Sunday, April 13, 2014

Linda Stamato Smears (and Fears?) the Koch Brothers

Linda Stamato, a Rutgers University faculty member, penned an op-ed in the New Jersey Star-Ledger titled Koch brothers and their money make America more dangerous

Keep in mind, as you read her article, that the author's target is two private citizens engaging in public advocacy with their own money. The Koch brothers are two industrial billionaires who fight for right wing causes, though perhaps not always causes of the Right, properly defined. They are a favorite target of the political Left in the same way as George Soros is of conservatives. They are the quintessential product of a society that protects free speech and dissent.

But you would think they were "enemies of the state" as understood by totalitarian regimes.

Part 1 of Stamato's article is a listing of what she terms "The extent of the Koch reach." This includes their business enterprises and funding of conservative/libertarian activist groups and think tanks. The Koch brothers breathtaking crime; their "focus on remaking America into a land of unfettered, unregulated capitalism." I suppose Stamato expects to elicit a breathless GASP from her readers, but all I could summon up was a "so what?"

"The extent of the Koch reach" turns out to be their ability to effectively advocate their views to a wide audience—the power of the pen. That so many Americans subscribe to Koch ideas has Stamato in a tizzy. "The Koch brothers," she writes, "are . . . affecting elections and thwarting governance. . ." GASP! I left these comments:

So? Isn't "affecting elections" what representative self-government is all about? And when have the Koch brothers ever advocated "thwarting governance?" Thwarting those who would use government power to thwart liberty, for sure. Would you also accuse activists who SUPPORT the regulatory welfare state of "affecting elections and thwarting governance?" Or, do statists not want to have to answer only to citizen[s] that don't acquiesce to their governance ambitions? 

The extent of the regulatory state's reach, which by its very nature is unconstrained by any principles of individual rights, is its ability to initiate force against private citizens—the power of the gun. What is that next to the pen? Who is the real threat? To the citizens, it is the state. To the state and their apologists, it is apparently the Koch brothers. After all, the Koch brothers. . .

are hurting human beings by seeking to deprive them of unemployment benefits, a fair wage, collective bargaining rights, food stamps and insurance coverage — not to mention by compromising the safety and health of their environment.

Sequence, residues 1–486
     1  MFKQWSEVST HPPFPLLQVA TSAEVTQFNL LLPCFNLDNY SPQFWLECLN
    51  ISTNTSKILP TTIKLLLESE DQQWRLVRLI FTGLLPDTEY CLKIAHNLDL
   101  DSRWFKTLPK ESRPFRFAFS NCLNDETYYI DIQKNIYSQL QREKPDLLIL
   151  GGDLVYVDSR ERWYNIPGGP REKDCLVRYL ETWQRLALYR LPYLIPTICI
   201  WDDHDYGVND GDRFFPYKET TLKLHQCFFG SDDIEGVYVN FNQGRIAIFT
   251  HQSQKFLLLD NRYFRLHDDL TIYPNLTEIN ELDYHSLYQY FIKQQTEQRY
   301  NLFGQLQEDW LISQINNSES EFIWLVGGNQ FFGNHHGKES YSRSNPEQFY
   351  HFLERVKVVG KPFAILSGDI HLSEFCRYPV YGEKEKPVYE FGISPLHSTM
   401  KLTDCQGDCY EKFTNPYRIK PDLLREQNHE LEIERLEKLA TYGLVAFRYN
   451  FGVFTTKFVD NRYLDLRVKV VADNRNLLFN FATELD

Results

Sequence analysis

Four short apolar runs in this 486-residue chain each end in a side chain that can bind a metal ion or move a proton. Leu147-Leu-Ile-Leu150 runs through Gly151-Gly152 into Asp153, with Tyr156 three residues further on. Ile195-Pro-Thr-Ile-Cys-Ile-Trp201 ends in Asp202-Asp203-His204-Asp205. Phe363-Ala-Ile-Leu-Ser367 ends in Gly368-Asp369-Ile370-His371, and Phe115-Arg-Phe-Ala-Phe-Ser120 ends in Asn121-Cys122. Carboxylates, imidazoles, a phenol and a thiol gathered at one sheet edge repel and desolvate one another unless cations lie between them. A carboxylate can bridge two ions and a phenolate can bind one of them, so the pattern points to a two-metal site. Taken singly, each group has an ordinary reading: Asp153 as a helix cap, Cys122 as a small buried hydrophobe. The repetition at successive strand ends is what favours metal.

I don't know enough about the Koch brothers to know if they are genuine advocates of laissez-faire capitalism. I doubt it, given that such advocates outside of Objectivists are virtually non-existent. More than likely, they favor some kind of "safety net." In any event, Stamato doesn't provide any evidence of her claim. In regard to those programs, the only people being deprived are employers of their rights to decide how much to pay their employees, to choose whether or not to collectively bargain with a union, or not to provide health insurance; workers forced into unions against their will; and taxpayers forced to fund food stamps and insurance subsidies.

Moving on to the next section, DISASTERS WAITING TO HAPPEN, Stamato describes 3 industrial accidents, which she blames on the Koch brothers alleged success at "limiting regulation"—this, in an era of rampaging regulations. OSHA, you see, failed to "adequately regulate" a Texas fertilizer plant that blew up, killing several workers, because it wasn't adequately funded—this, in a era of rampaging budget deficits. 

You get the picture. We're dealing with a smear piece. You can read the rest of Koch brothers and their money make America more dangerous, if you like.

I left these comments

The big lie perpetrated here is that these industrial accidents happened because of "unfettered, unregulated capitalism." Where does one see anything close to "unfettered, unregulated capitalism?" In fact, these disasters happened in a heavily fettered, highly regulated mixed economy. Where is the blame on the regulators that already permeate the economy? All Stamato can do is insinuate that these accidents "may" have been prevented if only there were yet more regulations.